In a major reversal, Apple is now expressing support for a right-to-repair bill in California, as reported by TechCrunch and iFixit. In a letter to California Senator Susan Talamantes Eggman, Apple says it endorses the SB 244 bill, which requires manufacturers to give customers and independent repair shops the appropriate tools, manuals, and parts to repair damaged electronics and appliances.
“Apple supports California’s Right to Repair Act so all Californians have even greater access to repairs while also protecting their safety, security, and privacy,” Apple said in a statement to TechCrunch. “We create our products to last and, if they ever need to be repaired, Apple customers have a growing range of safe, high-quality repair options.” Apple and Senator Eggman’s office didn’t immediately respond to The Verge’s request for comment.
“California’s final Right to Repair bill should balance device integrity, usability, and physical safety with the desire of consumers to be able to repair, rather than replace, a device when it needs repair,” Apple writes in the letter to Senator Eggman. “Legislation that correctly balances these concerns ensure that manufacturers are able to comply with the law while protecting consumers and their devices.”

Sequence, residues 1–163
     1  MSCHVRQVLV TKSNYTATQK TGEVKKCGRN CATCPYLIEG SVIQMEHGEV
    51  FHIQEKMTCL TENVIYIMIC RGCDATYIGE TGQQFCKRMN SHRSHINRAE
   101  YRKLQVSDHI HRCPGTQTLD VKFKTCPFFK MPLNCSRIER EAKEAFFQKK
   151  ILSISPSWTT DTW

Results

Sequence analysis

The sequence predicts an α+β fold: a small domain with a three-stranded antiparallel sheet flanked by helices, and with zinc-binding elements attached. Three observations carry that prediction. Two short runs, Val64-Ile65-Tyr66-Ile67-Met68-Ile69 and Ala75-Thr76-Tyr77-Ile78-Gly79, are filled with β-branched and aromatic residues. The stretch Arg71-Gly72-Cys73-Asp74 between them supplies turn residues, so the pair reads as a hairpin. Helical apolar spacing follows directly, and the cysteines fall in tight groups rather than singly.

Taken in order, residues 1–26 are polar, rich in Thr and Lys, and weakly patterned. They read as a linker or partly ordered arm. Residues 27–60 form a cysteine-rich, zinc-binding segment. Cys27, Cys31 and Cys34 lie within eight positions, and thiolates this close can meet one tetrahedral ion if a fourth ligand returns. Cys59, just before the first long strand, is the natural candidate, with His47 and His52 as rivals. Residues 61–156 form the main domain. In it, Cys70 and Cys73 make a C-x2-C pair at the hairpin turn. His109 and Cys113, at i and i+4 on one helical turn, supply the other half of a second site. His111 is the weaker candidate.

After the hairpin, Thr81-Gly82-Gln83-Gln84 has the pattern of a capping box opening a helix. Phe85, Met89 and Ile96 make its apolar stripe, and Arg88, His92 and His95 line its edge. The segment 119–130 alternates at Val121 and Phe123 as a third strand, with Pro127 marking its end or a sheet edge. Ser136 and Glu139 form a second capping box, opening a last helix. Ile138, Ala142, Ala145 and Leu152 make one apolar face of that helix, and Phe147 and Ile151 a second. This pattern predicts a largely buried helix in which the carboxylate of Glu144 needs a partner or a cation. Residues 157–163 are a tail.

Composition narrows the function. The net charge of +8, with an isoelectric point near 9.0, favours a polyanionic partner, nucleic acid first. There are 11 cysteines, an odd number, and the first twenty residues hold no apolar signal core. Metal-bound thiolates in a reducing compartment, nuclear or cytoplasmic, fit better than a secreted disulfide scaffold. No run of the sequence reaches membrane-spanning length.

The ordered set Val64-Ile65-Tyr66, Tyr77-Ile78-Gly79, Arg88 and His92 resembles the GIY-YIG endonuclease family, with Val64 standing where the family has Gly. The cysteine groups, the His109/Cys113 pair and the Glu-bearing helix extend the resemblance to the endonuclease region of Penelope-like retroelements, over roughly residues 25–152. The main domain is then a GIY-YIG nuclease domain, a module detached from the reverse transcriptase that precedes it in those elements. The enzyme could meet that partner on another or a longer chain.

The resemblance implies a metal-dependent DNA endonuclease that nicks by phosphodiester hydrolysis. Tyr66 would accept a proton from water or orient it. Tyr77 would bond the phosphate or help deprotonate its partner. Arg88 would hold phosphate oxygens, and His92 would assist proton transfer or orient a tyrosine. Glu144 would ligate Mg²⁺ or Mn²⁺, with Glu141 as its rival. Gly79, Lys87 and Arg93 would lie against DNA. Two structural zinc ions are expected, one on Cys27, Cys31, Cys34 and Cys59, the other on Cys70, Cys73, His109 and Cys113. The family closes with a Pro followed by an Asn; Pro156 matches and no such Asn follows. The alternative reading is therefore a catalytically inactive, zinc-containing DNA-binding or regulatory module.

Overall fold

The company adds that it will continue to support the bill “so long as it continues to provide protections for customers and innovators,” including requirements that “repair providers disclose the use of non-genuine or used parts.” It also wants “assurances that the bill would not threaten consumer safety and data security” by requiring manufacturers to disable device security features for repair shops.
After passing through the Senate 38-0 in May, California’s SB 244 bill is now headed to the California State Assembly. If approved, this would add to the growing number of right-to-repair laws passed in other states, including Minnesota and Colorado. New York passed a right-to-repair bill last year, but before it was signed into law, it was heavily amended to give OEMs some convenient exceptions and loopholes.
“From federal action to other state bills and manufacturers reacting… by improving repairability and access to repair, the idea is catching on. It’s a lot harder to argue against when people are aware of it,” Eggman says in a statement on iFixit.
Update August 23rd, 5:26PM ET: Added Apple’s letter to Senator Eggman and included a quote.